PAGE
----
In contrast, other women say it isn’t important to avoid a pregnancy yet, if pregnant, they would be unhappy about it. These women—with negative ambivalence—are substantially less likely to use effective contraception, whether consistently or at all. Relatively few women expressed negative ambivalence, only about 3%. Yet it is this 3% of women who pose the greatest family planning challenge. They don’t want a baby and would be unhappy with a pregnancy, but they are not taking action to prevent pregnancy. This negative ambivalence is most common among women who are neither working nor in school. Men, analyzed in another arm of the study, were four times more likely to fall into the negative ambivalence category.

The researchers also analyzed women who reported no ambivalence, finding that these women acted in ways that supported their attitudes. Least likely to use contraception are women who think it unimportant to avoid getting pregnant but who would be pleased to be so. And most likely to use contraception are those women who think it important to avoid a pregnancy because they would be upset about it.

Most of the women (77%) in the survey reported that every pregnancy is a “blessing,” even the pregnancies over which the women may be upset…even the women with negative ambivalence. Those who felt that every pregnancy is a blessing expressed the greatest conflicted feelings if they thought it important to avoid a pregnancy because they are not in a position to have one because, for example, their finances or relationships were not secure. Among the women surveyed, 37% women with incomes three or more times the poverty level said they “didn’t mind getting pregnant” compared to 16% living at poverty levels. Just over half of college graduates said the same, compared to the 18-19% at lower educational levels. Married women were less likely to mind (29%) compared with single women (7%). Least likely to think every pregnancy is a blessing were women who would be upset over pregnancy and so thought it important to avoid pregnancy.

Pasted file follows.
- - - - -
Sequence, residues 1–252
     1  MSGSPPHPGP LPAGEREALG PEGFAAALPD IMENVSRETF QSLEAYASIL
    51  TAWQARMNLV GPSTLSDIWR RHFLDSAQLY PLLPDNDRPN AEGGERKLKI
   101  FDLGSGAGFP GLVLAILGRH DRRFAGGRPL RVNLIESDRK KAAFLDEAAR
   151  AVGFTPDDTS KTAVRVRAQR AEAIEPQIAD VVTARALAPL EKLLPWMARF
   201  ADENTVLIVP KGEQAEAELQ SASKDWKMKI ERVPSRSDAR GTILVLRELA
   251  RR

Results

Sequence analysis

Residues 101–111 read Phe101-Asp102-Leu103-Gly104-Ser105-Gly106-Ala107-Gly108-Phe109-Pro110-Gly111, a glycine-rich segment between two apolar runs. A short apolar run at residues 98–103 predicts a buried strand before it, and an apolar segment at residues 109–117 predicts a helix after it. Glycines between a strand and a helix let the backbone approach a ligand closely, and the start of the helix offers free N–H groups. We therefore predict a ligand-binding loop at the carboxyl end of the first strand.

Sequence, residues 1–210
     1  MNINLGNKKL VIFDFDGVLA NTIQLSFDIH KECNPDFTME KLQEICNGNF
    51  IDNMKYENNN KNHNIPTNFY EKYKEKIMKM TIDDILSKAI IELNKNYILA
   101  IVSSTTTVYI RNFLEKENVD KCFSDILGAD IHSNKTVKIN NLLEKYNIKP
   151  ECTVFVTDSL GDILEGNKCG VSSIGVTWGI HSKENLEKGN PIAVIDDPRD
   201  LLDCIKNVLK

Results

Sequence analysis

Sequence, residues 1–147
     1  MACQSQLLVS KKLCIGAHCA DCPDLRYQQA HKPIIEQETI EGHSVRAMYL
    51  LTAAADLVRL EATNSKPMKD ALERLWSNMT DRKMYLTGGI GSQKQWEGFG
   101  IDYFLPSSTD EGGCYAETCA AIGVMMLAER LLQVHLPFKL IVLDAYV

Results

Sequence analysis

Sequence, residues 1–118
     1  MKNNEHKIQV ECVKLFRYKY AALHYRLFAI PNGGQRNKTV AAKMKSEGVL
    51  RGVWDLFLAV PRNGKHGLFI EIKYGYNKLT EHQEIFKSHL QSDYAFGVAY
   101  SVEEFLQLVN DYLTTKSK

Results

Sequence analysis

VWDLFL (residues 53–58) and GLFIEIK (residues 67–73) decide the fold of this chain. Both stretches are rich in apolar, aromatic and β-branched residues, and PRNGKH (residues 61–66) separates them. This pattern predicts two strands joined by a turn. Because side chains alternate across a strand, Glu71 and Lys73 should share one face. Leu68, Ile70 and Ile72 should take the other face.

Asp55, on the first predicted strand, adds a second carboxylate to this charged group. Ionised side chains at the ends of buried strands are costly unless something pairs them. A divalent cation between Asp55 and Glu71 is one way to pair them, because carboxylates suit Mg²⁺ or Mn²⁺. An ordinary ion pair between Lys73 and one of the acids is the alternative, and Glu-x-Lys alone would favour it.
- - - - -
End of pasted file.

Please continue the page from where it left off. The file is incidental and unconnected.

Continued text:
Another recent study explored the concept of unintended pregnancy and consequently babies as a “gift.” The researchers conducted indepth qualitative interviews with 28 women who did not desire a pregnancy but were at risk for one. Nearly all women had positive feelings toward babies themselves, even if they were to have a baby when they didn’t really want one. Their negative feelings arose from considering the experiences associated with having a baby, such as changing diapers and dealing with crying, and about effects a baby would have on their lives such as losing freedom and facing increased financial needs.[3] The researchers suggested that messages need to address both the positive and the negative emotions women may have about unintended pregnancy.

—Deborah Kowal, MA, PA, managing editor and co-author of Contraceptive Technology

[1] Mosher W, Jones J, Abma J. Nonuse of contraception among women at risk of unintended pregnancy in the United States. Contraception 2015; 92:170-6.

[2] Yoo SH, Guzzo KB, Hayford Sr. understanding the complexity of ambivalence toward pregnancy: does it predict inconsistent use of contraception. Biodemo Soc Biol 2014:60:49-66.

[3] Askelson NM, Losch ME, Thomas LJ, Reynolds JC. “Baby? Baby not?”: Exploring women’s narratives about ambivalence towards an unintended pregnancy. Women & Health 2015;55:842-58.